Similar to the HorizontalAlignment property mentioned earlier, the TextAlignment property is set using an enum rather than a string constant. This ensures that you get compile time validation and intellisense for all the available values.

In XAML you would set the Margin property using a single number (for example <TextBlock Margin="12" />), but the actual Margin property on the TextBlock class requires a Thickness type, resulting in the following C# Markup:

new TextBlock().Margin(new Thickness(12))

However, C# Markup provides automatic type conversion for common types such as Thickness, as well as a number of other types such as Brush, Color, CornerRadius, FontFamily, Geometry and ImageSource. This means that you can set the Margin property using a single number, as shown in the following example.

new TextBlock().Margin(12)

Data Binding

Since our counter example requires the value of the TextBlock to be updated each time the counter changes, we'll need to use data binding. C# Markup provides a strongly typed API for data binding, as shown in the following example that binds the Text property to the Count property of the ViewModel.

new TextBlock().Text(() => vm.Count)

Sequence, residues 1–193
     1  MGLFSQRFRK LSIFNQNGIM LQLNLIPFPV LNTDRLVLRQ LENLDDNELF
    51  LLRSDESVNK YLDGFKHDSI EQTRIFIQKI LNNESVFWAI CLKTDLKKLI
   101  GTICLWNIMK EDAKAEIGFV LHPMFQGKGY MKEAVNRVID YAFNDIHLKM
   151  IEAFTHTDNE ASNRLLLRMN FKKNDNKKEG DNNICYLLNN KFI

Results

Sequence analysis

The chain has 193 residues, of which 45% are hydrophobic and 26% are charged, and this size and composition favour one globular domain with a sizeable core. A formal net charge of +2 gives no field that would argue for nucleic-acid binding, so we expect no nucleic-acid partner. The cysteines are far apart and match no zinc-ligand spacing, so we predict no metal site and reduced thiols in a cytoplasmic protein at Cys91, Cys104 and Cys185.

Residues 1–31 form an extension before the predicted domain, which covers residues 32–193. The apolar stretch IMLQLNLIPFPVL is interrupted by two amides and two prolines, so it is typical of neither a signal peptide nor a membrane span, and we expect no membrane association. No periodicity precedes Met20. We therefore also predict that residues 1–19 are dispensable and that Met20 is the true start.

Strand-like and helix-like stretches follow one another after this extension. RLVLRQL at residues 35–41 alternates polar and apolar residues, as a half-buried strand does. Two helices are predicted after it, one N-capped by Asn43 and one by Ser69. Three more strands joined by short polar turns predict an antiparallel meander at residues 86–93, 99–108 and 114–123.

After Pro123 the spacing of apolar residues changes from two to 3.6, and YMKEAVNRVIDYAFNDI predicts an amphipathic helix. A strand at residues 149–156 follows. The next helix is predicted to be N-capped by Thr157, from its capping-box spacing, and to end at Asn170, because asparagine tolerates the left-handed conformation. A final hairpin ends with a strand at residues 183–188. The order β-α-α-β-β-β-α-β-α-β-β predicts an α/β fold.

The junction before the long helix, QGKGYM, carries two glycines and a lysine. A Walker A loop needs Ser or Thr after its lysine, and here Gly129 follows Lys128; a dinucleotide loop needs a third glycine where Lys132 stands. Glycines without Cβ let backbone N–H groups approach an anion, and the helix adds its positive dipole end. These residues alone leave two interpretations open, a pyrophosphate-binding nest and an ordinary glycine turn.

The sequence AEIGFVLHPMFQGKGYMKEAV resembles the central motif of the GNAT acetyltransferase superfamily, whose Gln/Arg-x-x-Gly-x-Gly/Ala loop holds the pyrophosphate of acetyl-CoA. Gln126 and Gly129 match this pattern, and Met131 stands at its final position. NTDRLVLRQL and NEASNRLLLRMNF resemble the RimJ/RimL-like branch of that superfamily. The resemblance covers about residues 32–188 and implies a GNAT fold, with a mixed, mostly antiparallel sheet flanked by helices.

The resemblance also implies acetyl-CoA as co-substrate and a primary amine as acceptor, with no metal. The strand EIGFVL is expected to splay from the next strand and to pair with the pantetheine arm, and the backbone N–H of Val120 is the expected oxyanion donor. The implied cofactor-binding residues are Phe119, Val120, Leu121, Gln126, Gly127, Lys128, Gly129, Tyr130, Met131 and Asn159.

At this point, you might be wondering what the vm is. The vm is a placeholder reference for the ViewModel type that you provide to the DataContext extension.

.DataContext(new MainViewModel(), (page, vm) => page
    .Content(
        new TextBlock().Text(() => vm.Count)
    )
);

We refer to vm as a placeholder because at this point it is not actually a reference to the ViewModel. It is simply a placeholder that allows us to provide a strongly typed API for data binding. Rather than invoking the code vm.Count when the TextBlock is created, the expression tree, () => vm.Count is used to create a binding expression that will be evaluated when the DataContext for the TextBlock is set.

In the above example, an instance of MainViewModel is provided to the DataContext extension method. If an instance of the ViewModel isn't available at the time the DataContext is set, you can provide the type of the ViewModel instead, as shown in the following example.

.DataContext<MainViewModel>((page, vm) => page
    .Content(
        new TextBlock().Text(() => vm.Count)
    )
);

Currently, the data binding is directly on the Count property meaning that the text shown in the TextBlock will just be the value of the Count property. However, we want to display the text "Counter: {value}" where {value} is the value of the Count property. To do this we can provide a delegate that will be invoked each time the value of the Count property changes, as shown in the following example.

new TextBlock().Text(() => vm.Count, count => $"Counter: {count}")